•My sister is apparently moving her family to Kazakhstan. That sounds like some kind of weird joke, but it actually seems to be true. She has hated living in Texas so much that Kazakhstan will probably be a huge relief. And she does have a degree in Slavic languages…
•Plans are moving along slowly for the Little Free Library. I have a friend on board to build the stand, and there the project will probably remain until I return from my visit to Oldest.
•The Boy announced via text early Tuesday morning that he’s the new president of his university climbing club. The only surprise there is that the university has a climbing club. The kid has a natural tendency to move himself up higher than anything else around him at any given time. He can leap into trees and onto roofs with a single bound. Just hoping he’ll stay clear of cell towers in the line of duty.

So – now it’s down to the kitchen to enjoy this autumn’s first round of overnight oatmeal, to light various fall-scented candles, and to tackle that to-do list. Can’t wait to see what mowing while wearing a hoodie feels like.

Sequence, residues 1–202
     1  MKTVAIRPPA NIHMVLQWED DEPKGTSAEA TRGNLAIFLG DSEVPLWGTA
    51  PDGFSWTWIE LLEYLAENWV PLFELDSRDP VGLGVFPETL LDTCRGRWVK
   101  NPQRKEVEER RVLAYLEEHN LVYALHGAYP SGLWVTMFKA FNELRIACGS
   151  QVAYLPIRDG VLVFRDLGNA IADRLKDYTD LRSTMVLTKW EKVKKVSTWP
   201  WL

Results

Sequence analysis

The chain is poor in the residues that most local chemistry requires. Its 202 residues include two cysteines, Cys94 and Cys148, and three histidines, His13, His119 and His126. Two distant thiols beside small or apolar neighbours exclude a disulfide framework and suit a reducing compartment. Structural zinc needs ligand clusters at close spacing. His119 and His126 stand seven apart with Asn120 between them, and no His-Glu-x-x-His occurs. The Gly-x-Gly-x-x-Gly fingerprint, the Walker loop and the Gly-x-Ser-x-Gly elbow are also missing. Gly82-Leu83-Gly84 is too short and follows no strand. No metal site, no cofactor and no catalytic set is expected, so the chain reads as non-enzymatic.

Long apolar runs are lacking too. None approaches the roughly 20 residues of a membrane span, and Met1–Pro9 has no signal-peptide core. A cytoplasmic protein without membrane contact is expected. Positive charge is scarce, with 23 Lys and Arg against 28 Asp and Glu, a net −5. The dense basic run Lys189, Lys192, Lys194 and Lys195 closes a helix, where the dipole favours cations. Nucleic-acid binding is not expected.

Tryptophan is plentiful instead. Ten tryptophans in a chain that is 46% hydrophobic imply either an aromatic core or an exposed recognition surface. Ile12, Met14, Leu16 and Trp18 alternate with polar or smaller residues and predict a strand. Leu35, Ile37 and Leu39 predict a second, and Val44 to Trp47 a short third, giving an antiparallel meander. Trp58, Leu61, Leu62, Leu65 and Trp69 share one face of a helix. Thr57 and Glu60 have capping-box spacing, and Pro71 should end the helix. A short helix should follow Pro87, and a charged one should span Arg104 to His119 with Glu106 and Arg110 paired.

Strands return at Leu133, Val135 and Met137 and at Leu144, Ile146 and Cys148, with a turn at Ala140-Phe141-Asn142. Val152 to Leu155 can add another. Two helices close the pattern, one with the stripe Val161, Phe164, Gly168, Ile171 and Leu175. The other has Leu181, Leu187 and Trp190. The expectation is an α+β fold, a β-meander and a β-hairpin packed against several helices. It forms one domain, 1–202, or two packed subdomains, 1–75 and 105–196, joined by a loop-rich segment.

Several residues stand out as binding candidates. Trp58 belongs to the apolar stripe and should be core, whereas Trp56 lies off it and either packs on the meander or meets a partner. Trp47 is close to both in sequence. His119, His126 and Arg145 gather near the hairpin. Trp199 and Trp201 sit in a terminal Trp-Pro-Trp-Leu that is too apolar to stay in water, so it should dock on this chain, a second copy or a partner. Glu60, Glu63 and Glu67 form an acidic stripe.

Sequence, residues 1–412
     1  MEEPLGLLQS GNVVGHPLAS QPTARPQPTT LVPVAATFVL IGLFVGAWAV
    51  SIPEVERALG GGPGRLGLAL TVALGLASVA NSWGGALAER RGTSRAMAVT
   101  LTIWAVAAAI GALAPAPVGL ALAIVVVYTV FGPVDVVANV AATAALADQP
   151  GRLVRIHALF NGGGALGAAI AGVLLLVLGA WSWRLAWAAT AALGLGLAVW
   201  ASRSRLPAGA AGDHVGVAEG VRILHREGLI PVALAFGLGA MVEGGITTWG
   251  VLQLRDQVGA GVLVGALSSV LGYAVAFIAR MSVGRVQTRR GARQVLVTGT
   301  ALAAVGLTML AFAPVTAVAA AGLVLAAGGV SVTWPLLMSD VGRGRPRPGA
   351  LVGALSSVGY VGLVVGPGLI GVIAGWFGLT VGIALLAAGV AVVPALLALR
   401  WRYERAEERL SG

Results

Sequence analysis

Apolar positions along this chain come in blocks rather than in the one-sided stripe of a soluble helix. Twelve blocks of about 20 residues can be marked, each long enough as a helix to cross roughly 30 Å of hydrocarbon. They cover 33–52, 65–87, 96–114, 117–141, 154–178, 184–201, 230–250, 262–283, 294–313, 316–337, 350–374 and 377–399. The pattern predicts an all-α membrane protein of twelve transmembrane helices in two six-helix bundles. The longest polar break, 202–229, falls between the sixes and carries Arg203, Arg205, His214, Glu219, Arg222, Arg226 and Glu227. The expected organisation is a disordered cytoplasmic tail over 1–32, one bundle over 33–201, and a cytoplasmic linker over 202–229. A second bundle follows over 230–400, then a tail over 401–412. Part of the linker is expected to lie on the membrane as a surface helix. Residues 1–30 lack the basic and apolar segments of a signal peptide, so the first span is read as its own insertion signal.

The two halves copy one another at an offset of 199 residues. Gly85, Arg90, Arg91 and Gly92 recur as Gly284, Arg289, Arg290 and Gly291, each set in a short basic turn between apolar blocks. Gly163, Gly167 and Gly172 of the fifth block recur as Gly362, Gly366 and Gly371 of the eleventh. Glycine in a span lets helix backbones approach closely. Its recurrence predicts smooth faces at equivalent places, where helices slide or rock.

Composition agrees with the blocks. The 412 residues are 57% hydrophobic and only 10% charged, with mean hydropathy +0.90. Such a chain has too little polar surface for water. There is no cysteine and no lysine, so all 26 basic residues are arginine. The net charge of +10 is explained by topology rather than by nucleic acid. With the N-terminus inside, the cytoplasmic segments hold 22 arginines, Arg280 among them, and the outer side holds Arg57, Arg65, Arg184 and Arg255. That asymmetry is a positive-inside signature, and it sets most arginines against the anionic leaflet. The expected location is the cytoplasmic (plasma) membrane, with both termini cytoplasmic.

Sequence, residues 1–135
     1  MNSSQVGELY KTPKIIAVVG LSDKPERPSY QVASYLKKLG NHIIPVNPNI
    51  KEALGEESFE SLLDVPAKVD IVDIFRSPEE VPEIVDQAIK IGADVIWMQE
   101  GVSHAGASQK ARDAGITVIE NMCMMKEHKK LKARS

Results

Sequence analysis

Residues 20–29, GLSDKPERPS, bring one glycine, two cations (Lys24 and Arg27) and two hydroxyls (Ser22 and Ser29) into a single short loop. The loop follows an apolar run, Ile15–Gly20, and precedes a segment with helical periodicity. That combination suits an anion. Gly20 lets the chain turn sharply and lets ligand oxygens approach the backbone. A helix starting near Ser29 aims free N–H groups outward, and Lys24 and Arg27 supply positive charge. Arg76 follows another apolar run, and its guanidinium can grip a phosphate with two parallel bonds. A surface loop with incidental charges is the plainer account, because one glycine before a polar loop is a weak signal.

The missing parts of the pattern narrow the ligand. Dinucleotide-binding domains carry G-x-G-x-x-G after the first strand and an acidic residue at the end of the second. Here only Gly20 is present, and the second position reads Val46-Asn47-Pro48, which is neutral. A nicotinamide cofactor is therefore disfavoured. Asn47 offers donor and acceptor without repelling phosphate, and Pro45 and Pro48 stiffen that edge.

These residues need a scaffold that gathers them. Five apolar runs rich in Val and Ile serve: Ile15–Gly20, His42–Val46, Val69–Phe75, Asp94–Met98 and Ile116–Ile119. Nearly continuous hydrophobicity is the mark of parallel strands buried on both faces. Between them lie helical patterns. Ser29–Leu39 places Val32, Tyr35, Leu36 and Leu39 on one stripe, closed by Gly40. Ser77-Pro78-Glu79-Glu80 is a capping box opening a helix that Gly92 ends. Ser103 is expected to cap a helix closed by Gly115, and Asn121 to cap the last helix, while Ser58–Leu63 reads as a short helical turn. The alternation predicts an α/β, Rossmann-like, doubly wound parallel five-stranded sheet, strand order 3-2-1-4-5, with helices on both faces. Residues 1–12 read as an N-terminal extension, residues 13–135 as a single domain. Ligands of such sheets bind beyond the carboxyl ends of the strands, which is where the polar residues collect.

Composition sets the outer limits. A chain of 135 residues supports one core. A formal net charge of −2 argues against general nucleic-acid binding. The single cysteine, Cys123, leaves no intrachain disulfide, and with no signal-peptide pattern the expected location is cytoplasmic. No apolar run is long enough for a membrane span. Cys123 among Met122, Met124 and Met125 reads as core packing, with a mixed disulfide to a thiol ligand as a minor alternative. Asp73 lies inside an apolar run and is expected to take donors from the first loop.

Love bittersweet chocolate. Not so sure about bittersweet vacations.

Our time at the cabin this week was, by turns, both an excellent getaway and a cause for anxiety.

Cabin background: The state of Kansas has a bunch of reservoirs built by the Corps of Engineers. Several of them are easy driving distance from home, and those “lakes” are where we’ve camped since the kids were in grade school. We LOVED our tent camping…but found that every time we went we managed to pick the one weekend of the summer when it stormed like crazy. Guess what? Rain and tent camping don’t mix. More often than not we had to bug out early when we saw lightning on the horizon. Luckily, about the time Oldest went off to college, someone in Kansas had a brainwave: convicts were enlisted to build cabins at all the state reservoirs. With a sad, backward glance we said goodbye to our beloved tents in favor of cabin trips.